I’m not normally one to snoop, but when I got to the bedroom, I couldn’t resist looking in the closet. The massive walk-in housed mostly things belonging to her; designer bags and shoes, jewelry, expensive looking dresses that probably cost more than my rent. James had a modest corner, a couple of his tailored suits hung up with his pressed white shirts folded neatly on the shelf. Before I even knew what I was doing, I grabbed one of his jackets and stuck my nose in it, inhaling his scent, one I didn’t even know I had missed. It brought unexpected tears to my eyes. Blinking them away, I pulled out one of the bottles of wine and took a long pull in an effort to numb myself.
Feeling nothing, I had quickly come to realize, was much better than feeling sad. It was almost as good as feeling angry.
I woke up on the floor, not remembering having fallen asleep. The air smelled funny, and I realized I was lying, wet, in a pool of something. Did I pee myself? I wondered, but no, the smell wasn’t urine.
It was lighter fluid.
Apparently, sometime after the closet and guzzling all three bottles of wine, I doused the entire home in the lighter fluid, pouring it everywhere I could think. The air felt sticky from the smell, and I crawled down the staircase, feeling for the matches all the way down. Because if I had made it this far, I was going to finish what I came here to do. I owed that much to myself, at least. The coveted matchbox met my fingers at the bottom of the stairs, and I breathed a sigh of relief.
Headlights shone at the bottom of the driveway, making their way up the hill. It started to rain. A surge of panic and adrenaline shot through me, and I quickly stood, making my way dizzily to the center of the living room. They would see me through the open door as soon as they were out of the car. They could watch their beautiful house burn to nothing and know that I was the one at fault. Burning their lives to the ground, just as they had mine.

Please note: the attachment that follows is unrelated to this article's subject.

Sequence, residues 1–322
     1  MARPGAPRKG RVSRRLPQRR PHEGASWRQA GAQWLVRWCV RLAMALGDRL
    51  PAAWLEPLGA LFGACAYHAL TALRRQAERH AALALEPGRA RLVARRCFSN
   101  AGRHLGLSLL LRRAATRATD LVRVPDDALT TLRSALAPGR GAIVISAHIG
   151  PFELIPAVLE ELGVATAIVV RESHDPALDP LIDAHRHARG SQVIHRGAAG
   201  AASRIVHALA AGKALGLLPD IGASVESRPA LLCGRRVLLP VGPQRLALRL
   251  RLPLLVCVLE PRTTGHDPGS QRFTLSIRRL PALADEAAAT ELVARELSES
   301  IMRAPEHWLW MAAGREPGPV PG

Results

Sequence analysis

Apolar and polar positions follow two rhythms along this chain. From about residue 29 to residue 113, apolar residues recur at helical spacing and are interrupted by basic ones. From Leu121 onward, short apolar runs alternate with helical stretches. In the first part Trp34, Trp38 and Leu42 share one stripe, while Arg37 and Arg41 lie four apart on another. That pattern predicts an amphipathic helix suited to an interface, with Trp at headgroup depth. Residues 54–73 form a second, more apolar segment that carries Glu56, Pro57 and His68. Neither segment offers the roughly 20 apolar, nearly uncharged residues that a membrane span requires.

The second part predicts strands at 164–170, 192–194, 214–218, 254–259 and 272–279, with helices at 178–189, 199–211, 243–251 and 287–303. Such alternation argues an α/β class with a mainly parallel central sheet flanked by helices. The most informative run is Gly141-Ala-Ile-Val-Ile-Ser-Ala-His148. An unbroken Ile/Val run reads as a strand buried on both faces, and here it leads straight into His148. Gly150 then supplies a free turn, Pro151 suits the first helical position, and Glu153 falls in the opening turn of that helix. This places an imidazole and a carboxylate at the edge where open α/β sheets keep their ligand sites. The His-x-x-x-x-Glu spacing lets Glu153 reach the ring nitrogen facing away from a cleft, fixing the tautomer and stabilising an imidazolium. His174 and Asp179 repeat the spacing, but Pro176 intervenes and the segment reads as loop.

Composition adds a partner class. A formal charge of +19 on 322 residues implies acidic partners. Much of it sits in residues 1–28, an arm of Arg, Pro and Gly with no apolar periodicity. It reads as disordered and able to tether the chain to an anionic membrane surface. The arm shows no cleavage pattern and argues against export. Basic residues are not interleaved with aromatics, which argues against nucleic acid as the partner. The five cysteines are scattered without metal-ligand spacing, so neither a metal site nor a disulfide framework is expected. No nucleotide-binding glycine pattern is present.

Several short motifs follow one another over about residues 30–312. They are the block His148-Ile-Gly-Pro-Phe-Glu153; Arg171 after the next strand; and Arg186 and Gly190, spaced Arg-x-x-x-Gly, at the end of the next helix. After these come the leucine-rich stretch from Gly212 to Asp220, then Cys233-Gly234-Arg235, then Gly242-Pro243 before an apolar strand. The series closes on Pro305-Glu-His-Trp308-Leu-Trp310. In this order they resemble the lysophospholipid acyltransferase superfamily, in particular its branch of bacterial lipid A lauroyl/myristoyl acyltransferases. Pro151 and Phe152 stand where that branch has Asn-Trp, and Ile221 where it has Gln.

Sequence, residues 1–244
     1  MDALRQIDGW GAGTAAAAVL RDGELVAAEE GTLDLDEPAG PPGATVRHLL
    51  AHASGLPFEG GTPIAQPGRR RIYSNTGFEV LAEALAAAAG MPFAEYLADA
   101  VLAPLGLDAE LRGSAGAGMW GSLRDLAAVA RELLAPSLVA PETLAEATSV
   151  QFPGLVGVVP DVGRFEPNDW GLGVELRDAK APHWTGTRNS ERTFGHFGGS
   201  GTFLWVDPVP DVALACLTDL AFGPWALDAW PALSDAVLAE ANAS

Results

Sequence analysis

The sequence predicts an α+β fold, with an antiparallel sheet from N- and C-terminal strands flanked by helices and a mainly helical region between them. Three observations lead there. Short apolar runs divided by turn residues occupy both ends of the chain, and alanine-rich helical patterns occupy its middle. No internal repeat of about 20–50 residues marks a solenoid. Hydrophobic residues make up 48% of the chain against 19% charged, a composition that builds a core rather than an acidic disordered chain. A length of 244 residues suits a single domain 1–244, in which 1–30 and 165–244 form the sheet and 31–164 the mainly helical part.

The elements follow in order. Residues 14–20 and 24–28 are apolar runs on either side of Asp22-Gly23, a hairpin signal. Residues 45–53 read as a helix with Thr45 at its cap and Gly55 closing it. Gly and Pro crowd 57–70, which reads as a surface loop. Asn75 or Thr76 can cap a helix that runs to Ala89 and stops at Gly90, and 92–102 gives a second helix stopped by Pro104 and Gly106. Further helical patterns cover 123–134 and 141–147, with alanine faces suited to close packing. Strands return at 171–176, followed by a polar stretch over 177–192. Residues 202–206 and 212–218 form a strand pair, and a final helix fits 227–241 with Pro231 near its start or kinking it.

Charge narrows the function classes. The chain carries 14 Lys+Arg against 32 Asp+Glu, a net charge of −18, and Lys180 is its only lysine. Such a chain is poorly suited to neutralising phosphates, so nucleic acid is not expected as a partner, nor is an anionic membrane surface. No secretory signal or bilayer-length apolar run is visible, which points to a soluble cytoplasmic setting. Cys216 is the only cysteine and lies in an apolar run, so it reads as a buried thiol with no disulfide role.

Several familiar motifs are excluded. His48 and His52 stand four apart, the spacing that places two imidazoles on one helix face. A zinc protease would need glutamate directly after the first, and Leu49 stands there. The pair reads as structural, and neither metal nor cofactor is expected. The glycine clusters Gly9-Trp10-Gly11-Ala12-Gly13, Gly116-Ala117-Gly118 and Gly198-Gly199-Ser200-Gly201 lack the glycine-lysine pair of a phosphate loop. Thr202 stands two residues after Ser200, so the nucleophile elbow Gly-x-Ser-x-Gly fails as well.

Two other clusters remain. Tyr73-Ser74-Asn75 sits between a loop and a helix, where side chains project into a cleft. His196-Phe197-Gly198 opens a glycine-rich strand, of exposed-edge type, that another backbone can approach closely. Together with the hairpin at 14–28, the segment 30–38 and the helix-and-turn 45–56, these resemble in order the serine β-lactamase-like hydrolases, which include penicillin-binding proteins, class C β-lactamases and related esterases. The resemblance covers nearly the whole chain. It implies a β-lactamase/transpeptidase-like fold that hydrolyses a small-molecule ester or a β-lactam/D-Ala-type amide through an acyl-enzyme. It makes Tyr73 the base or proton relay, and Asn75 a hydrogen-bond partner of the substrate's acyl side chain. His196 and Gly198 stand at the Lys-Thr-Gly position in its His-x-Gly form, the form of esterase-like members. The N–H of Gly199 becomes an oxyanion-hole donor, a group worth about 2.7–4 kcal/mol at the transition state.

I struck the match against the side of the box and waited. Looks of recognition crossed both of their faces as they stepped out of the car.
“Norah,” James said tentatively. He sounded scared. Like he was scared of me. I almost scoffed. “What the hell are you doing here?” Stacy stood, frozen, her unblinking eyes huge, waiting for him to do something. The flame licked closer to my fingertips with each passing moment.
It wasn’t until I felt the heat from the flame that I came to the realization that I was drenched in lighter fluid. That if I dropped the match there was no way I was getting out of this alive. But at that moment, it didn’t matter.
It didn’t scare me.
“You ruined my life,” I screamed at him, at both of them. “You don’t get to walk away unscathed, not after what you did to me.”
“We can talk about this, please. Honestly, Norah, this is a little dramatic, don’t you think?”
I simply smiled and dropped the match. Angry flames rose up from the ground immediately.
But then he ran into the house, towards me. I thought maybe I was imagining it, but when I felt his arms around me, carrying me out from the fire I knew I wasn’t. I kicked and screamed and tried to pry my way from his grip, but he only held me tighter. I thought I heard him tell Stacy to call 911 but I can’t be sure. After struggling for a while, exhausted, I relaxed and melted into his embrace. But he didn’t let go. Raindrops fell on my face, cooling my burned skin.
“Shh, shh,” He swayed back and forth, his chest heaving abnormally. Trying to soothe me, trying to diminish the rage. I stretched my neck and looked up towards the sky.
“James,” I whispered, closing my eyes. “James, we’re dancing in the rain, just like we used to.”
I could no longer tell if my face was wet from the rain or from his tears.